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Things I've Learned about an Oobleck Party

On June 24, 2023, I hosted a celebration in honor of publishing my first book Simple Positive Play at the Library. I invited friends and family to my house for appetizers in an Open House style celebration and requested that guests bring cornstarch to create a large container of oobleck.




Have you ever seen Emily’s Wonder Lab? I think it is an amazing show that breaks down the science of different experiments and demonstrates the scientific method with young people. In one episode, there is an entire swimming pool filled with oobleck and the kids attempt to walk across it, keeping in mind the principles of the oobleck.


What is oobleck? It’s a Non-Newtonian fluid (like ketchup) made of 2 parts cornstarch and 1 part water. Once it’s mixed, it becomes a substance that can both run through your fingers and seem hard as a rock.


I did not create a bunch of oobleck before guests arrived. This was a kid-friendly event and, since it was the kids of family and friends, I was familiar with doing experiments like this with them either in class or at Simple Positive Play. They like to help and are very creative.


As soon as I poured the first 2 cups of cornstarch into the container, hands immediately went in. Hands went into the water stream as I poured the cup of water. I slowly added more cups of cornstarch and water, keeping in mind the proportions.


I was not always the adult monitoring this project but I was the only one to add to the mixture. There were times where kids were able to mix and play with smaller amounts of oobleck at a time. One of the times I came back to add more oobleck, I watched as kids had started to put their feet in the mix. By the end of the event, kids were pouring oobleck on their legs and arms. It looks crazy messy but the cleanup was a breeze! We were able to use the garden hose to clean off the kids and the patio and the kids seemed to enjoy a refreshing splash of water on a mid-90 degree day.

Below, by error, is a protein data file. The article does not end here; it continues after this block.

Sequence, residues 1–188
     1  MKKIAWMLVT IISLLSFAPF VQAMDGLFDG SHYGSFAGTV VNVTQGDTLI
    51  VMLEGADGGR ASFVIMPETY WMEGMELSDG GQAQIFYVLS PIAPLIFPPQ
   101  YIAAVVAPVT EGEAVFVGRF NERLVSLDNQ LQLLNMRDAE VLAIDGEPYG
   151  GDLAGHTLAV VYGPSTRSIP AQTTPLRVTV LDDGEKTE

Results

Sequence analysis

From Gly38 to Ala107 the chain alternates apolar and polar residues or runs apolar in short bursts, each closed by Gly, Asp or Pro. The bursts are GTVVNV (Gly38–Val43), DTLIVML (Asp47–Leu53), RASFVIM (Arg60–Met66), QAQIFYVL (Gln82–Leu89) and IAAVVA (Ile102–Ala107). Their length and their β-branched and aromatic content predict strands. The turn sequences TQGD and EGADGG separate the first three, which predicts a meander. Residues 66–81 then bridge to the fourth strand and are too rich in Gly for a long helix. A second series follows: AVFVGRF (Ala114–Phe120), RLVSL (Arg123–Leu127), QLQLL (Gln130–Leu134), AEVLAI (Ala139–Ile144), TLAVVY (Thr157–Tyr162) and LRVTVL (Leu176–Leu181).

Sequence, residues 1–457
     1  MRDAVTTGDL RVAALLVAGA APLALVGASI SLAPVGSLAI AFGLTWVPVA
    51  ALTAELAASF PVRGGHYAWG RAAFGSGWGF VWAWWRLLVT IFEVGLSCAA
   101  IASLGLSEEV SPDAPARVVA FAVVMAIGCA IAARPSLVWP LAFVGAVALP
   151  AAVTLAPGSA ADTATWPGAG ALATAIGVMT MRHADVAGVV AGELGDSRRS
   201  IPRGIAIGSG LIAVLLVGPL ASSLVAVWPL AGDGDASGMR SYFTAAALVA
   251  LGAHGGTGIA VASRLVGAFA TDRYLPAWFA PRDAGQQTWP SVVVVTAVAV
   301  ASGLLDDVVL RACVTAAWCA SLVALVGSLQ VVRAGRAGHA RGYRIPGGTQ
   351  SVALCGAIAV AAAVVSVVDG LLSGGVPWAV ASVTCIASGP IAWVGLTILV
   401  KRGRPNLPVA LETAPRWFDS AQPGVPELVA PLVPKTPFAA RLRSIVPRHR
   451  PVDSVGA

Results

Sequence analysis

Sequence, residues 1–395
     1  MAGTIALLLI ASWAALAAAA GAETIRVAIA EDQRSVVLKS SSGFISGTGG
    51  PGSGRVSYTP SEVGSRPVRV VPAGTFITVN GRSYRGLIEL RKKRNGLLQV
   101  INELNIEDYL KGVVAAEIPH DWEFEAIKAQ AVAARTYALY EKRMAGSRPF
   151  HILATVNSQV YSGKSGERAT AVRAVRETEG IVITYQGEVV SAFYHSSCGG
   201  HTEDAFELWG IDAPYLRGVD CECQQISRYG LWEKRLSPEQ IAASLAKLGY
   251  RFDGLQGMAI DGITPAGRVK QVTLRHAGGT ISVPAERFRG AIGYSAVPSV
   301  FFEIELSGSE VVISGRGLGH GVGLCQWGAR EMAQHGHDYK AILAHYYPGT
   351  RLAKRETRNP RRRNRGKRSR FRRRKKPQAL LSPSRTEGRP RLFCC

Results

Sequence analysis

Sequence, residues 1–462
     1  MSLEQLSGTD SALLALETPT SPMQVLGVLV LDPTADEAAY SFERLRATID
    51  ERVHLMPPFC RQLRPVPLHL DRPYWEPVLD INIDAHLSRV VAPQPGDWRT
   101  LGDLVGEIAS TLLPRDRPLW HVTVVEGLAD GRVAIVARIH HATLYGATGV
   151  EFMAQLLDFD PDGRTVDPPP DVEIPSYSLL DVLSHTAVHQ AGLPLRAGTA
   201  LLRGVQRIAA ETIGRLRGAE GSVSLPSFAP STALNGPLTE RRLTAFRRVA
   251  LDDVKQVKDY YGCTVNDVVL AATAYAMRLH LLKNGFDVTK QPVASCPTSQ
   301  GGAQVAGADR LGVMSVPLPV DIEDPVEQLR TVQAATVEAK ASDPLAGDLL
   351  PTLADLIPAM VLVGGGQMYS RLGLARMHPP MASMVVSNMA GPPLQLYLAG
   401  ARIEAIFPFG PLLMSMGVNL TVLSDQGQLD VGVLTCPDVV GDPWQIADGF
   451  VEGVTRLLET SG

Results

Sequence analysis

Things I learned:

  • Kids enjoyed the activity!

  • A bigger container would allow for more kids to interact

  • A bigger container would create a bigger mess and need dedicated facilitators for safety

  • Starting with small containers on a child height table would be beneficial. It would allow kids to potentially customize their creation with color. Adding color to the large mixture could potentially get chaotic

  • Preparing parents for the event would be more hospitable. I mentioned in the invite that I wanted to make a giant concoction of oobleck but it might have been helpful to suggest bringing a towel or an extra set of clothes.


Things I knew but could’ve know more


  • Oobleck cannot be washed down the sink. I purchased a large plastic container and placed it on a shower curtain. When we were finished, we simply threw it all away. I probably could have saved the container. On the blog Dispose It Well, they explain a few other ways of disposing the oobleck. DO NOT POUR IT DOWN YOUR SINK! It may clog your drains if you don’t dilute it.

  • If I do it again, I think I’ll be more intentional with the event so my focus can be a little more dedicated to the activity. The kids and parents were fine but I’d make sure that we set up a few ground rules and communicate expectations.


Supplies for a mini or a large oobleck party:

  • Container

  • Surface protection (I used a shower curtain. You can use a plastic tablecloth or trash bag)

  • Cornstarch

  • Pitcher of Water (for easy adding)

  • Cup/scoop

  • Water hose (for cleanup outside)

  • Food dye (optional)


Oobleck Recipe:

2 parts cornstarch

1 part water


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